This lines the pockets of the officials and the company itself. The allegations and subsequent investigations have raised a lot of questions about the red light camera programs across the country and deepened public skepticism about the profit motives of the camera installations.

As the lawsuits and investigations continue, the findings could have a domino effect on other city, county and state programs. Redflex has installed cameras across the nation and if the bribery allegations are upheld, other places may also face costly lawsuits and investigations.

Intersections with red light cameras usually have warning signs.
Intersections with red light cameras usually have warning signs. | Source

How To Deal With Red Light Cameras

Intersections with red light cameras are marked with signs that say “photo enforced.”

There are ways to avoid getting tickets and according to Michelle V. Rafter of Edmunds, the best way to avoid them is to always make sure you come to a full and complete stop at an intersection.

Top Ways To Avoid Tickets and Fines

Right Turns
Paints and Covers
• Right turns often generate a lot of the revenue at red light cameras and are one of the reasons the public sees them as a money maker rather than an asset and a promoter of safety. When making a right turn, come to a complete stop. If there is a line, stay behind it. If not, make sure the full stop is detectable before making the turn. Look for signs that indicate no right turns on red and obey them.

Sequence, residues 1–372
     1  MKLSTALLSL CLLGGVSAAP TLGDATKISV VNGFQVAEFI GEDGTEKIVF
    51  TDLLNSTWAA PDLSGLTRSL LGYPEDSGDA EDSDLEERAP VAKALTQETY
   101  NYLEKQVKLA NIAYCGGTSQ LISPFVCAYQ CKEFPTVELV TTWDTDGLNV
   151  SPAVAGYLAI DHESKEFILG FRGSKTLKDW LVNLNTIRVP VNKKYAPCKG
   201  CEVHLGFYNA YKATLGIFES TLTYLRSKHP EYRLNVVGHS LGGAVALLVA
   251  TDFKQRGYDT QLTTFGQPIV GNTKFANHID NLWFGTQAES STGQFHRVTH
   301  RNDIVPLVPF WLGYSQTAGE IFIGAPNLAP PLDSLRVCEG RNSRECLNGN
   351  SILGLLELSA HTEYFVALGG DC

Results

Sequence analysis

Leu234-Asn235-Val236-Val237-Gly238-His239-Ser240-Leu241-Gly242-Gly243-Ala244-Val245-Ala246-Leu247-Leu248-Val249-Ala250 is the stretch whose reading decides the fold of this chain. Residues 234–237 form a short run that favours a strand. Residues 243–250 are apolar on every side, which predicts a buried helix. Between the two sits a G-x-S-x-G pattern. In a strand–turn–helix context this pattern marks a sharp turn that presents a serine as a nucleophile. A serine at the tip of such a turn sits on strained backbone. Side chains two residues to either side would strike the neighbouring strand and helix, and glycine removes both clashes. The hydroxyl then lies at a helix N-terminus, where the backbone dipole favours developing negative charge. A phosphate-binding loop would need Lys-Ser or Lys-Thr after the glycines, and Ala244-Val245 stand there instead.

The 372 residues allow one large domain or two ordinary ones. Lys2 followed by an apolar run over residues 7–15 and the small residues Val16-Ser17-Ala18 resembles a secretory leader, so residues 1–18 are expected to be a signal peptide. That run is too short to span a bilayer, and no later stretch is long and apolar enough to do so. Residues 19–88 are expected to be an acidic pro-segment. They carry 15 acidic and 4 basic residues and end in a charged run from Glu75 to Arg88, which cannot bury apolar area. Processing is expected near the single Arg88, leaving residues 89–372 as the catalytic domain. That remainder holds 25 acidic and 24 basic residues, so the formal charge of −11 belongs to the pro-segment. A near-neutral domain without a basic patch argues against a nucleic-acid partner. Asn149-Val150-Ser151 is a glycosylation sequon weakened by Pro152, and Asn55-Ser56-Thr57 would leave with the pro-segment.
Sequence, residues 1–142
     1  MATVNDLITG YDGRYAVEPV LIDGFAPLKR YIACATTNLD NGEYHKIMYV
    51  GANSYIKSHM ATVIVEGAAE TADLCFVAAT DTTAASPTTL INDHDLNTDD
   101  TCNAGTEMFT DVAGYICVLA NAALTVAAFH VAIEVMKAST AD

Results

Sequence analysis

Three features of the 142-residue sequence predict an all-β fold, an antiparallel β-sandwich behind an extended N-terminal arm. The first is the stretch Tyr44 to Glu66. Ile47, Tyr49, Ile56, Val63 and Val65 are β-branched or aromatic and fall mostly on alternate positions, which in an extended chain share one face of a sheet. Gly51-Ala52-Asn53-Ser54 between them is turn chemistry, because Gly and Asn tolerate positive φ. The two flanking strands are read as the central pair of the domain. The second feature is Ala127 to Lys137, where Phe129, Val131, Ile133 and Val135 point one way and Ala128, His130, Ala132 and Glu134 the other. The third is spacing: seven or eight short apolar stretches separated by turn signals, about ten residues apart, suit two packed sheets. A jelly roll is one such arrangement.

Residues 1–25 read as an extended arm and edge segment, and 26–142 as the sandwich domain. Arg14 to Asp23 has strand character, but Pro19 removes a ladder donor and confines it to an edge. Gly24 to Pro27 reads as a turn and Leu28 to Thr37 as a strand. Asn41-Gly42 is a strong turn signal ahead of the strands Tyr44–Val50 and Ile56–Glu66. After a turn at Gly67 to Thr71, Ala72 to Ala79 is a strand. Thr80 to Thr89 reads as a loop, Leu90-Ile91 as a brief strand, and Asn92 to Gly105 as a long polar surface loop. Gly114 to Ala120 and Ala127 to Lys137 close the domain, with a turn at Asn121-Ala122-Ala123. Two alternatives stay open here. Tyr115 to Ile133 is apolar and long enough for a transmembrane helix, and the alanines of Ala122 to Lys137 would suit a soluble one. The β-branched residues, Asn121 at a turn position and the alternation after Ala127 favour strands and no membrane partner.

• Products such as clear sprays and clear license plate covers may work in some instances but some cities and counties have laws against them. If you get caught using it you could face additional fines. Before you purchase a product like that, review the laws in not only your own city but anywhere that you plan to drive.
Fight It In Court
• If you have a smart phone, check for apps that will alert you to red light cameras in a city. It will allow you to navigate around those intersections that have them or give you information about timing and length of yellow light. This is especially handy if you are driving in a city that is unfamiliar to you.
• You can also fight the ticket in court using information from companies such as the National Motorist Association. According to Edmunds, NMA offers phone consultations and advice to their members about fighting red light camera citations. • Depending on the county, many have found success when challenging tickets, especially since the camera often only captures the car committing the offense, not the actual driver.
About half of the states in the U.S. have approved red light cameras.
About half of the states in the U.S. have approved red light cameras. | Source

What States Have Red Light Cameras?

As of March 2013, twenty four states have red light cameras or have passed laws allowing their installation.

  • New Jersey
  • New Mexico
  • New York
  • North Carolina
  • Ohio
  • Oregon
  • Pennsylvania
  • Tennessee
  • Texas
  • Virginia
  • Washington
  • Washington,D.C.

  • Alabama

  • Arizona

  • California

  • Colorado

  • Delaware

  • Florida

  • Georgia

  • Illinois

  • Indiana

  • Louisiana

  • Maryland

  • Missouri

Are The Cameras Here to Stay?

Whether red light cameras are here to stay or not depends on many factors including cost vs. benefit, public sentiment, lawsuits and safety analysis.

Even as some cities such as Jacksonville, Florida are implementing red light cameras at problem intersections, others are ending the program after finding little benefit, higher-than-expected costs and public backlash.

States that are getting rid of the program say that the improvements to safety have been negligible.

The jury is still out, but the results are mixed at best and troubling at worst.